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number of rows vs. performance ?

 
karl koch
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hi ranchers
even though this is a performance question i think it fits in JDBC forum since it is DB related...
is there a general rule for the performance hit i take if a table grows (inc. the number of rows) ?
we will add about 2.5 million rows a year to a single table...
we need to keep the data of one year in the DB for prbably 5 years -> 12.5 million rows if they all go to the same table.
any advice ? is this ok ? should we avoid such big tables at any cost ? how to avoid tables that big ?

thanks for advices
k
 
Richard Williams
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I'm faced with a similar dillema, but only 10s of thousands, not millions.
I would like to have the experts opinions on JDBC performance TIA
RCW
 
Dirk Schreckmann
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I've seen systems where they'd create a new table each month. This would reduce by an order of magnitude the number of records in each table.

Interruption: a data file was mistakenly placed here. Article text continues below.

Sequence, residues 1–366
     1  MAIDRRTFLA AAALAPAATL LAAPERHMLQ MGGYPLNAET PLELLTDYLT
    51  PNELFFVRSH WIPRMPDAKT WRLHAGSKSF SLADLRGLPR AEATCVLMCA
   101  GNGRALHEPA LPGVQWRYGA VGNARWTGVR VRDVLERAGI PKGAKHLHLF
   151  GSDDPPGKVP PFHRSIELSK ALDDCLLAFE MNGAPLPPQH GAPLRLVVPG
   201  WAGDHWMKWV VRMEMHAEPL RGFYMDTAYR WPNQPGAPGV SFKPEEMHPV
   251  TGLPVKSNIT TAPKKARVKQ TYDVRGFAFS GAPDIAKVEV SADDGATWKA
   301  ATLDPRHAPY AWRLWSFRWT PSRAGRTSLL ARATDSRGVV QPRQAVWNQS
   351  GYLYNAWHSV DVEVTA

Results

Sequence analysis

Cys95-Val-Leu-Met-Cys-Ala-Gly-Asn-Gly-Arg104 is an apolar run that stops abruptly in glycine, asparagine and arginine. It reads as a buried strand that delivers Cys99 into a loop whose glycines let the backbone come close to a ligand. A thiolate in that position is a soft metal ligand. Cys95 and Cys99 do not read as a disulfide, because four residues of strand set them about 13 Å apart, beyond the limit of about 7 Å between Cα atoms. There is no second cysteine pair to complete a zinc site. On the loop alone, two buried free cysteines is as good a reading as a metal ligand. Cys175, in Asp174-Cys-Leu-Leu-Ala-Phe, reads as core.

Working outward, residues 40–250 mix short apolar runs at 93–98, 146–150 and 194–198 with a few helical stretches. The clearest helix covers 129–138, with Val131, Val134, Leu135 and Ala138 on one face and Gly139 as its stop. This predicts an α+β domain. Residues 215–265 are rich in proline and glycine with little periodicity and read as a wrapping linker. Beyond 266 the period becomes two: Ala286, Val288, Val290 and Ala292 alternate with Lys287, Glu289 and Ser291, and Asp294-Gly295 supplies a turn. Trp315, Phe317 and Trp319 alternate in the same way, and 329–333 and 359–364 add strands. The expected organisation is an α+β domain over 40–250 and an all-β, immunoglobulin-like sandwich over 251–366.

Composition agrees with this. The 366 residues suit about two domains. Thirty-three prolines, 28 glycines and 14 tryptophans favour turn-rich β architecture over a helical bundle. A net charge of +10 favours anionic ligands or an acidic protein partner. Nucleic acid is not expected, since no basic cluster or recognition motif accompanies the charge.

Avi Abrami
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Java Oracle
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Karl,
Databases divide roughly into two categories
  • Data warehouse
  • Online transaction processing (OLTP)

  • depending on how you intend to use the database.
    In any case, the bulk of the responsibility for handling performance issues would reside with the database server -- and not with the JDBC code (in my opinion). This is because database servers are built to handle large amounts of data efficiently and quickly, therefore you should utilise that wherever possible (I believe).

    Is there a general rule for the performance hit
    I take if a table grows (inc. the number of rows)?

    I do not know of any general rule, but there is obviously a performance hit when a table grows larger.

    How to avoid tables that big?

    Apart from Dirk's suggestion to break up the large table into smaller tables, many leading database vendors (including Oracle and IBM) support "partitioned" tables -- a single database table that is divided into partitions. This improves performance for very large tables. I suggest you check with your database vendor for more details regarding the availability of this option.
    In any event, the performance is _always_ closely coupled to the way you use your database -- practically _all_ of the material I have read regarding database performance implies this fact. Therefore it is difficult to give general advice when it comes to performanec tuning.
    So without more details, I'm afraid that's all I can offer you.
    Hope it helps.
    Good Luck,
    Avi.
     
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